Among Johnson’s contributions to literature of the Harlem Renaissance is her use of nature as a means to revise conventional models of creativity. The poem “Magula” begins: “Oh Magula, come! Take my hand and I’ll read you poetry, / Chromatic words, / Seraphic symphonies...” (Johnson 2000, 34). This invitation from the speaker to Magula suggests that the creative interaction between these two women will result in a heavenly, musical language.
FOR THE FULL ESSAY AND ALL THE OTHERS, GET THE ANTHOLOGY HERE:
The weighing of competing or complimentary identity lenses is explored in Timothy Liu’s “Looking for Parnassus in America”, and he quarrels with himself in exploring why one might be privileged in his work over another.
In America, as an Asian American, I am among other things a model minority, an eternal outsider. The absence of any ESL or fresh-off-the-boat accent (which both of my parents had) might tip someone off that I was born here, but then again, I’ve gotten used to being asked the question, Where are you from?, and when I say the Bay Area or California or South San Jose or Almaden Valley (depending on my many moods), I often wait for the other shoe to drop: But where are you really from? So I repeat myself while adding: And you, where are you really from? Nine times out of ten, I get the Oh! I didn’t mean anything by that, to which I respond, No worries, neither did I.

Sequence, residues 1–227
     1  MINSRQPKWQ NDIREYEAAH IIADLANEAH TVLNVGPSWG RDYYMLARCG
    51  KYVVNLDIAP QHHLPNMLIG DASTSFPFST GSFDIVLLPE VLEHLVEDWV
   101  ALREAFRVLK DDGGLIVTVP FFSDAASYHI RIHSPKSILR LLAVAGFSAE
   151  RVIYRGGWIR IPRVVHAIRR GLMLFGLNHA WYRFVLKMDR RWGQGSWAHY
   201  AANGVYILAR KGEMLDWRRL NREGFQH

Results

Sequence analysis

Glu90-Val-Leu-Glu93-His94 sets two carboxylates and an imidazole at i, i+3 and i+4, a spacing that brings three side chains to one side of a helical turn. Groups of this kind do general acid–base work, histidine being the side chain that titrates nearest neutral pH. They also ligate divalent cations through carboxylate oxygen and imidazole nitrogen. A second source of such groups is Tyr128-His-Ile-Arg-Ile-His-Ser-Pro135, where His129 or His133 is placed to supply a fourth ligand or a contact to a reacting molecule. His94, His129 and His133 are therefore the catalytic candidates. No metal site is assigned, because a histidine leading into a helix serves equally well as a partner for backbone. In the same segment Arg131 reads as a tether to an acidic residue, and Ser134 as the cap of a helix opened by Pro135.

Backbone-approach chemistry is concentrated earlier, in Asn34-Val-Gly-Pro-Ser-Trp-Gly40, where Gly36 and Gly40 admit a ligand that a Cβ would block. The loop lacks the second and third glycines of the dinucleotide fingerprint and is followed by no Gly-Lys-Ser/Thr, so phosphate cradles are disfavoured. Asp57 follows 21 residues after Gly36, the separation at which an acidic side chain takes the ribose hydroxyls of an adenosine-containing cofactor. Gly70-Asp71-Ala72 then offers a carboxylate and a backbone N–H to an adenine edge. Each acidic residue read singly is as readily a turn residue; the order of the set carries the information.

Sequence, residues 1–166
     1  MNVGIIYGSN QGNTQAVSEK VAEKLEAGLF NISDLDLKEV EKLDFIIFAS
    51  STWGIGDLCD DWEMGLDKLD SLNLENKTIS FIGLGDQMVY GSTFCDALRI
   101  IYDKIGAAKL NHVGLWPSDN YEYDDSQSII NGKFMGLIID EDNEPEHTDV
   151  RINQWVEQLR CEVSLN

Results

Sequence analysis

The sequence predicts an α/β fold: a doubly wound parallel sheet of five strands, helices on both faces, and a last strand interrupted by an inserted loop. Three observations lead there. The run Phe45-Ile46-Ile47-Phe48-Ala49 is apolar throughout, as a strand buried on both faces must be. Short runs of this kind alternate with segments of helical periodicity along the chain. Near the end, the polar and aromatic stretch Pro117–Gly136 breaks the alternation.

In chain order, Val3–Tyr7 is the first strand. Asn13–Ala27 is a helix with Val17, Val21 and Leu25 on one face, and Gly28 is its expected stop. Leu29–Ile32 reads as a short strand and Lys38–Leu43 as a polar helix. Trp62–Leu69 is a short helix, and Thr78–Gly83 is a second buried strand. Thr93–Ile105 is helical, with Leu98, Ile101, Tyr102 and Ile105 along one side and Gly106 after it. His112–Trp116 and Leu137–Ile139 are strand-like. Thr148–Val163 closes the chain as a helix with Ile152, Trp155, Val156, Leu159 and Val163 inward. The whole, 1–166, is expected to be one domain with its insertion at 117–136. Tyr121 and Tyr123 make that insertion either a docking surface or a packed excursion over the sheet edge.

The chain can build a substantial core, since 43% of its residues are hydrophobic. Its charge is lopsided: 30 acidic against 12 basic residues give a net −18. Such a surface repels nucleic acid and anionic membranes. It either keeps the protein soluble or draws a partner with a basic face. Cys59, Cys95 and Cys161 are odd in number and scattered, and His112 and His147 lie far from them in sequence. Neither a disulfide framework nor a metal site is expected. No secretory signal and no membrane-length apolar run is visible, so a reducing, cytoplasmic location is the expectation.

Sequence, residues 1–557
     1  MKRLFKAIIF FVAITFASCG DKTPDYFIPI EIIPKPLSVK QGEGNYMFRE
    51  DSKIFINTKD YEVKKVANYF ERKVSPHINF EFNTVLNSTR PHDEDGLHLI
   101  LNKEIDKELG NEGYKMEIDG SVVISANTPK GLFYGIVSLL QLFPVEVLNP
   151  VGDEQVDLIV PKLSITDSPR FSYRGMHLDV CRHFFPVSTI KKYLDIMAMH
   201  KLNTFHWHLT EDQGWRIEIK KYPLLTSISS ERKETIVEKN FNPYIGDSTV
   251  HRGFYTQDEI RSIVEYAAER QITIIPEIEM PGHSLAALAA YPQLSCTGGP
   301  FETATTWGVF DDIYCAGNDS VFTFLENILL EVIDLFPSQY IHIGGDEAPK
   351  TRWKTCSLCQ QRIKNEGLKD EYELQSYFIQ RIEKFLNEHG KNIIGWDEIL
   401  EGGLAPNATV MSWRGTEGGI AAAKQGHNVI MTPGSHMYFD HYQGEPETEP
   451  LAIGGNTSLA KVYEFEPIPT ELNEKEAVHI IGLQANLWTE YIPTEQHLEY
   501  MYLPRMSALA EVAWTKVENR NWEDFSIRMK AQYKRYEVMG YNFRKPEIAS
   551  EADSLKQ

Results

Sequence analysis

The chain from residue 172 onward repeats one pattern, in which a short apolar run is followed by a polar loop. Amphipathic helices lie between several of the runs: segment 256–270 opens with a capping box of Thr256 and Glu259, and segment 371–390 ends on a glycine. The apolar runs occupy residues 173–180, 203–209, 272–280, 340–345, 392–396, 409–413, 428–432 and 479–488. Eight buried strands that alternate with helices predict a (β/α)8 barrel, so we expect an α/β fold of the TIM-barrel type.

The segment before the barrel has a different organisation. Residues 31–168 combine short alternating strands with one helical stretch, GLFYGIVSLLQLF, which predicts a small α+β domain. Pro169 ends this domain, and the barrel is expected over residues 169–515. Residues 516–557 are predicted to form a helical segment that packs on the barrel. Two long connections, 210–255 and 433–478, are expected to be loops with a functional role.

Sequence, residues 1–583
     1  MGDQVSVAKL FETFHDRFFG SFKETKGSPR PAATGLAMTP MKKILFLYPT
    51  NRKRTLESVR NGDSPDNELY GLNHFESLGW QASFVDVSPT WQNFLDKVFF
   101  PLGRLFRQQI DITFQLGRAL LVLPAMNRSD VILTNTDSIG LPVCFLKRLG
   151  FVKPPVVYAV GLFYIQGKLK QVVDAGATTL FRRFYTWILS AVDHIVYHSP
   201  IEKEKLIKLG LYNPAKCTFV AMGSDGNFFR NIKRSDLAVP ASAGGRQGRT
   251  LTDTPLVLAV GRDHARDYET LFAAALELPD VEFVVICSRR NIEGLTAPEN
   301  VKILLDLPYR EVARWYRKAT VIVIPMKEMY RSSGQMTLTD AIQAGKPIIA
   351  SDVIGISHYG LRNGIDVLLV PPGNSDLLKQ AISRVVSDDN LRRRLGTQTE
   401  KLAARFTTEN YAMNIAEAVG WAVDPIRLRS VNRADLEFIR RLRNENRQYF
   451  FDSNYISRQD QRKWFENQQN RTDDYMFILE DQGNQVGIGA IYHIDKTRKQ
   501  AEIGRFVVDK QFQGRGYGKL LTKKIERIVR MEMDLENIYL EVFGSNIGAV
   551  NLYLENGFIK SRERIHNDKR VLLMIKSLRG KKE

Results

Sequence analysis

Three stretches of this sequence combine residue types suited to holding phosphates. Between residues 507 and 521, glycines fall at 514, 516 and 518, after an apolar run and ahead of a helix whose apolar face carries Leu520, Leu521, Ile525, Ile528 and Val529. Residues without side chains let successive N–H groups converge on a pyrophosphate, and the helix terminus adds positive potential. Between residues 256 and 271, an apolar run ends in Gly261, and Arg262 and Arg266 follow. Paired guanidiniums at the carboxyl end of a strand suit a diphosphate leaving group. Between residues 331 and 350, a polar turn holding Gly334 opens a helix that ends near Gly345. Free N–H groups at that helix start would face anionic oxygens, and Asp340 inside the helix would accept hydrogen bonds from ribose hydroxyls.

In Hong Kong, when I lived there as a Mormon missionary, my Cantonese was so atrocious that the natives thought that I was either 1) retarded; 2) Japanese (and very ambitious in trying to learn how to speak Cantonese!); 3) Korean (on account of my moon-like face); 4) or Hawaiian (because I butchered Cantonese like an American).
FOR THE FULL ESSAY AND ALL THE OTHERS, GET THE ANTHOLOGY HERE:
Roxanne Naseem Rashedi teases out transgression and empowerment in the poetry of Clifton and Lorde in “Deconstructing the Erotic and Raced Body”.
In “Poetry Is Not a Luxury,” Lorde (2007) argues that the feminine erotic is accessible through poetry. Poetry accesses a place that is “dark…ancient and deep” (37). In “The Laugh of the Medusa,” Hélène Cixous (1976) argues that feminine writing “will always surpass the discourse that regulates the phallocentric system.” Lorde describes these “phallocentric systems” as structures of self-abnegation that suppress the feminine voice (2007, 39). Both women believe that writing reclaims that “deep” voice.
Lorde’s (2003) “Coal” taps into Cixous’s écriture feminine. “I am Black because I come from the earth's inside / now take my word for jewel in the open light.” FOR THE FULL ESSAY AND ALL THE OTHERS, GET THE ANTHOLOGY HERE:
In the next essay in the anthology, Lucy Biederman explores recent dialogue and debate in Jewish American literature and champions a movement.
“New Female Poets Writing Jewishly”
...when criticism of Jewish American poetry is impelled toward questions, definitions, and the work of establishing legitimacy or explanation for why Jewish American poetry can or should be studied, perhaps this stands in the way of reading Jewish American poetry as such. Alicia Ostriker has noted that the term “Jewish Literature” tends to exclude Jewish poetry (2009, 148). However, reading new female poets like Arielle Greenberg and Sabrina Orah Mark in a Jewish American context can potentially allow for deeper, broader, or clearer readings.